GCPC11F - Diary

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Nowadays, people who want to communicate in a secure way use asymmetric encryption algorithms such as RSA. However, my older brother uses another, simpler encryption method for his diary entries. He uses a substitution cipher where each letter in the plaintext is substituted by another letter from the alphabet. The distance between the plaintext letter and the encrypted letter is fixed. If we would define this fixed distance d to 5, A would be replaced by F, B by G, C by H ... Y by D, Z by E.

With a fixed and known distance d the decryption would be somewhat simple. But my brother uses random distances for each of his diary entries. To decrypt his diary I have to guess the distance d for each entry. Thus, I use the well known phenomenon that the letter E is used more often in English words than other letters. Can you write a program for me that calculates the distance d based on the fact that the most used letter in the encrypted text corresponds to the letter E in plaintext? Of course, I am interested in the decrypted text, too.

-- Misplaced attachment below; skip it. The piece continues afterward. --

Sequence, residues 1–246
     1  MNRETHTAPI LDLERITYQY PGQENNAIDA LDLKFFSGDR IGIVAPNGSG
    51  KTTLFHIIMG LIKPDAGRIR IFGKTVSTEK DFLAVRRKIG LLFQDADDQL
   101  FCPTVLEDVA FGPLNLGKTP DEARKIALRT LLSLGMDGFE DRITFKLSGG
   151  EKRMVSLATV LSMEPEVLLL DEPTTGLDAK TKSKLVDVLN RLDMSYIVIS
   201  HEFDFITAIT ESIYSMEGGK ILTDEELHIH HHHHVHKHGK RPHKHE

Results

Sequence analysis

Input

The input consists of several test cases c that follow (1 ≤ c ≤ 100). Each test case is given in exactly one line containing one diary entry. Diary entries only use upper case letters (A-Z) and spaces. Each diary entry consists of at most 1000 encrypted letters (including spaces).

Output

For each test case, print one line containing the smallest possible distance d (0 ≤ d ≤ 25) and the decrypted text. If the decryption is not possible because there are multiple distances conforming to the rules above, print NOT POSSIBLE instead. Spaces are not encrypted.

Example

```Input:
4
RD TQIJW GWTYMJWX INFWD JSYWNJX ZXJ F XNRUQJ JSHWDUYNTS YJHMSNVZJ
THE QUICK BROWN FOX JUMPS OVER THE LAZY DOG
XVIDRE TFCCVXZRKV GIFXIRDDZEX TFEKVJK UVTIPGKZFE
XVIDRE TFCCVXZRKV GIFXIRDDZEX TFEKVJK

Output:
5 MY OLDER BROTHERS DIARY ENTRIES USE A SIMPLE ENCRYPTION TECHNIQUE
10 JXU GKYSA RHEMD VEN ZKCFI ELUH JXU BQPO TEW
17 GERMAN COLLEGIATE PROGRAMMING CONTEST DECRYPTION
NOT POSSIBLE
```